Volume 43, Issue 3
  • ISSN 0172-8865
  • E-ISSN: 1569-9730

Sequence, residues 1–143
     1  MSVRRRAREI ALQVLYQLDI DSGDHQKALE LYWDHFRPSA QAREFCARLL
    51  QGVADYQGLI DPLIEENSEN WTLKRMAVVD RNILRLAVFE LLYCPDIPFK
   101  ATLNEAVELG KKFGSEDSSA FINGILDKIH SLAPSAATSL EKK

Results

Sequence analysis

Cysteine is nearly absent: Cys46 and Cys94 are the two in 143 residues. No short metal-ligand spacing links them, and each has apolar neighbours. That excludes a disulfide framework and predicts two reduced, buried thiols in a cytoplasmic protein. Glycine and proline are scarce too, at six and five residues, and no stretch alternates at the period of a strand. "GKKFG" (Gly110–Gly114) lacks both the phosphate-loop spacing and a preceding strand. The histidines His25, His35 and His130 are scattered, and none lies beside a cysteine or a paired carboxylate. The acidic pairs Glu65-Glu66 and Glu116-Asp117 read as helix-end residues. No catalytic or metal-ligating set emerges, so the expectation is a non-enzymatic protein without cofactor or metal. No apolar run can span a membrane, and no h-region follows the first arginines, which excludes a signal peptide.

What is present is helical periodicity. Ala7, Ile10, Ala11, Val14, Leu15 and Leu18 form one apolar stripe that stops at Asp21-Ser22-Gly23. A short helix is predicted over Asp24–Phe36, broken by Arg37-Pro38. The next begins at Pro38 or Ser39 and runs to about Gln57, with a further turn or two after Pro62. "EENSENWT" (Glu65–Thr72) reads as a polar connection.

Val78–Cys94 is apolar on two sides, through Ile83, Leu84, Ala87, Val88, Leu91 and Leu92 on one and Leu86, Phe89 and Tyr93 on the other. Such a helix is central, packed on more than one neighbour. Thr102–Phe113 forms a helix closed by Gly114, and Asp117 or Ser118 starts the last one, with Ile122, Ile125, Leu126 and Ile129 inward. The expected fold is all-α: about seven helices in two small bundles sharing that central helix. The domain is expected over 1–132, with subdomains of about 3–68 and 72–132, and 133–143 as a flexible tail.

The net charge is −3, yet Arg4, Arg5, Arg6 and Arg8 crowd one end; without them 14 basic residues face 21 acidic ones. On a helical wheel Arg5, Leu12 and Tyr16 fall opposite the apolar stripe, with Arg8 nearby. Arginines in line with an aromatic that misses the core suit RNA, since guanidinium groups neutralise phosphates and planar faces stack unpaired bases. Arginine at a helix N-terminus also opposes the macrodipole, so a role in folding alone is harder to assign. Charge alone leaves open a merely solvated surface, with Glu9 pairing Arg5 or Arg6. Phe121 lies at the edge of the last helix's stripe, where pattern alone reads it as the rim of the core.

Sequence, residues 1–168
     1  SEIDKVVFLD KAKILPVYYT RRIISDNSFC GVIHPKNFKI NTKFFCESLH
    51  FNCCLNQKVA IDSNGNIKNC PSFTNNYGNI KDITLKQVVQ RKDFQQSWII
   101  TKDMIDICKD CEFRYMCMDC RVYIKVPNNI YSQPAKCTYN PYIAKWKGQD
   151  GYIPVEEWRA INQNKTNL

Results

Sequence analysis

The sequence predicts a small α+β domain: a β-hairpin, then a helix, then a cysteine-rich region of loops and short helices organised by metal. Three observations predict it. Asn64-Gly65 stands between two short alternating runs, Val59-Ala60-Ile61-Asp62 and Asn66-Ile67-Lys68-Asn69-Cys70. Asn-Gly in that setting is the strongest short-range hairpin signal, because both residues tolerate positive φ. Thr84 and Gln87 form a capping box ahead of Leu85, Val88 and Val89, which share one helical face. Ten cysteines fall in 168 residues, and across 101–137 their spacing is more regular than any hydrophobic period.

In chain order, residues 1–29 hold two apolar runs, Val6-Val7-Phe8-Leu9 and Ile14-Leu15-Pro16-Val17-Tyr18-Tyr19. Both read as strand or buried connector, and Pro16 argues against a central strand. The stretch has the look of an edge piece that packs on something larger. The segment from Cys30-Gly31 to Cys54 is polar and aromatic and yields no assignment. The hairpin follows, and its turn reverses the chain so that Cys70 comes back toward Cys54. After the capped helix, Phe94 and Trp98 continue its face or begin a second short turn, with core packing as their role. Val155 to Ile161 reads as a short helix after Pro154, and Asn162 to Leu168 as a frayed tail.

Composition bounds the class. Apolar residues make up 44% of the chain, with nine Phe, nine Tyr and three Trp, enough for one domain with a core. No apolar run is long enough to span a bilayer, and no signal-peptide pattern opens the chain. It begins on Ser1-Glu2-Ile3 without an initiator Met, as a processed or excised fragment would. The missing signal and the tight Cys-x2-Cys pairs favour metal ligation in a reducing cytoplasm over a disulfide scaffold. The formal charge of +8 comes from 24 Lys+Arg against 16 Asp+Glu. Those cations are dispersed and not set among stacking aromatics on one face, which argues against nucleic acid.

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An understanding of linguistic heterogeneity in older speakers is crucial for the study of language variation and change. To date, intra-speaker malleability in older populations remains under-researched, in varieties of English and more generally. This paper contributes panel data to the question of how aging individuals engage with ongoing changes in the realisation of (t) in the Tyneside region in the North-East of England. We examine the variable ways in which six speakers recorded in their 20s/30s and re-interviewed in their 60s/70s adapt to community-wide change. The finding that some speakers exhibit malleability in their variable realisation of (t) substantiates a life-course perspective over a strict maturational explanation. More specifically, our analysis explores the contribution of long-term (in)stability to lifespan-specific identity construction in the Tyneside area. Our findings support calls for the incorporation of sophisticated statistical methods in combination with social constructivist approaches into panel research on older age populations.


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